"If anyone injures his neighbor, whatever he has done must be done to him: fracture for fracture, eye for eye, tooth for tooth. As he has injured the other, so he is to be injured" (Lev 24:19-20).

The death penalty was commanded for murder, rape, kidnapping, and other serious crimes. However, except for murders, a criminal was permitted to pay a ransom to the victim, rather than suffer an injury to himself (Ex 21:22, 29-30, Num 35:31). It was up to the victim and the judges to determine how much it would be, but it had to be proportional to the crime.

In the New Testament, Christ taught that crimes should not be viewed as an opportunity to collect judgments, but a chance to show love to troubled people:

"But I tell you, Do not resist an evil person. If someone strikes you on the right cheek, turn to him the other also. And if someone wants to sue you and take your tunic, let him have your cloak as well. If someone forces you to go one mile, go with him two miles. Give to the one who asks you, and do not turn away from the one who wants to borrow from you. You have heard that it was said, 'Love your neighbor and hate your enemy.' But I tell you: Love your enemies and pray for those who persecute you, that you may be sons of your Father in heaven. He causes his sun to rise on the evil and the good, and sends rain on the righteous and the unrighteous" (Matt 5:39-45).

It was the attitude of believing victims that Christ hoped to change. Governments were still intended to punish criminals (Rom 13:1-3).

Sins Against Me by Other Brethren

"If your brother sins against you, [1] go and show him his fault, just between the two of you. If he listens to you, you have won your brother over. [2] But if he will not listen, take one or two others along, so that 'every matter may be established by the testimony of two or three witnesses'. [3] If he refuses to listen to them, tell it to the church; and if he refuses to listen even to the church, treat him as you would a pagan or a tax collector" (Matt 18:15-17).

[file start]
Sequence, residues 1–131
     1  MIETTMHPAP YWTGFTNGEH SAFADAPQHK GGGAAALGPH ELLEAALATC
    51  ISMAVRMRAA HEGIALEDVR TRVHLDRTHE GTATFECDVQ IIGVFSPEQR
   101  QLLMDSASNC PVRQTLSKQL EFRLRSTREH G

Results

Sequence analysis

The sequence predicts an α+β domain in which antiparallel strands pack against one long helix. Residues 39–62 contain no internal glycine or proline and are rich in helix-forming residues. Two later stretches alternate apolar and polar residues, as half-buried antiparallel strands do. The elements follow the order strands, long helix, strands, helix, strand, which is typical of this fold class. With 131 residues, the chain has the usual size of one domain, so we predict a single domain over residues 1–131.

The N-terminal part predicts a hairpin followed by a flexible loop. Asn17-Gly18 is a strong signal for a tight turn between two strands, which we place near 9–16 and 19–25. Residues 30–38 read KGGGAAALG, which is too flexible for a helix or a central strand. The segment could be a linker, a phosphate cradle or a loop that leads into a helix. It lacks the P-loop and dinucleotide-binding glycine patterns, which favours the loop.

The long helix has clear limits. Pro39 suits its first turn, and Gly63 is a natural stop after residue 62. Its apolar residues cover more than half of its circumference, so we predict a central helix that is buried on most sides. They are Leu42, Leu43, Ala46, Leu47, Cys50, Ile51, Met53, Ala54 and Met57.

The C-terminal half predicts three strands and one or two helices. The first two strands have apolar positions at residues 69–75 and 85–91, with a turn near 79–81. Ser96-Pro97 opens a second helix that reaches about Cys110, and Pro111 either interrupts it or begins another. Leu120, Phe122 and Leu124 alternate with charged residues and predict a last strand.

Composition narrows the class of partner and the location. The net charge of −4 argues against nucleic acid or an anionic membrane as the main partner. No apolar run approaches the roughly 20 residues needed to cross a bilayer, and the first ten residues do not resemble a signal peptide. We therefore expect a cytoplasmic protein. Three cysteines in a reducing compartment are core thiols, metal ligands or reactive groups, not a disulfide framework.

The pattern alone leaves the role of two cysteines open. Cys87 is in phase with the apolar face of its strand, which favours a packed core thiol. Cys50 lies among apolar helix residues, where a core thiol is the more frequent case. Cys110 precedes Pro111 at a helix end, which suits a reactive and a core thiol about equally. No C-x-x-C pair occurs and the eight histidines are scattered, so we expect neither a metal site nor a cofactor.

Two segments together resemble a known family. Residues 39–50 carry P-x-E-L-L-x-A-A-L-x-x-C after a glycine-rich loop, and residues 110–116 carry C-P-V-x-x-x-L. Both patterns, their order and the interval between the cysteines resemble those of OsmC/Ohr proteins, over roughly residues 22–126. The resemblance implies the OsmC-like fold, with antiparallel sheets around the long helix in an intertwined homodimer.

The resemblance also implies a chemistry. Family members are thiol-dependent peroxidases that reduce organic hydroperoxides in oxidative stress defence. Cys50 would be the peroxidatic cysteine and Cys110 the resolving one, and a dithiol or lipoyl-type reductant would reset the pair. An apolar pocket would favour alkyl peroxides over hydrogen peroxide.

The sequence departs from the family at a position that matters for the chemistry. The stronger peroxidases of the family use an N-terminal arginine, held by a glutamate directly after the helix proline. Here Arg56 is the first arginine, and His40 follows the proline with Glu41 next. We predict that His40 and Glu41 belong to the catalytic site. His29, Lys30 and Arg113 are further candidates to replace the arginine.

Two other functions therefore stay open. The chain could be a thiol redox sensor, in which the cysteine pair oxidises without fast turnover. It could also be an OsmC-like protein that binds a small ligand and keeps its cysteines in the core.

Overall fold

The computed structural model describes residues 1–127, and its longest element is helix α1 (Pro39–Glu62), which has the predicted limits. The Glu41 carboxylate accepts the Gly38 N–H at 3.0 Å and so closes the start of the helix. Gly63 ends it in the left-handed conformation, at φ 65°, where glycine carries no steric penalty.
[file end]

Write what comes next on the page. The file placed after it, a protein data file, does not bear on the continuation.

Using this three-step formula would save many heart-aches among believers. Only very rarely are all three steps necessary. If another believer has done something to me that I think is wrong, I should talk to him first. If I say .he would not listen., it might be that the matter is too trivial — in which case I should let it pass and not complain to others about it. If the matter is worth talking about, I should have the courage to go. When the person realizes that if he does not listen I will ask him to talk to two or three other mature believers about it, he will probably desire to solve it before more people are involved. The final step is taking to .the church. which could be a local congregation, study group, or any other group of believers. While I should never judge another's eternal destiny (Matt 7:1-2, Rom 14:10-13; 1Cor 4:5), I should be willing to help judge current disputes for other believers so they can avoid the courts of unbelievers:

"If any of you [believers] has a dispute with another, dare he take it before the ungodly for judgment instead of before the saints? Do you not know that the saints will judge the world? And if you are to judge the world, are you not competent to judge trivial cases?" (1Cor 6:1-2).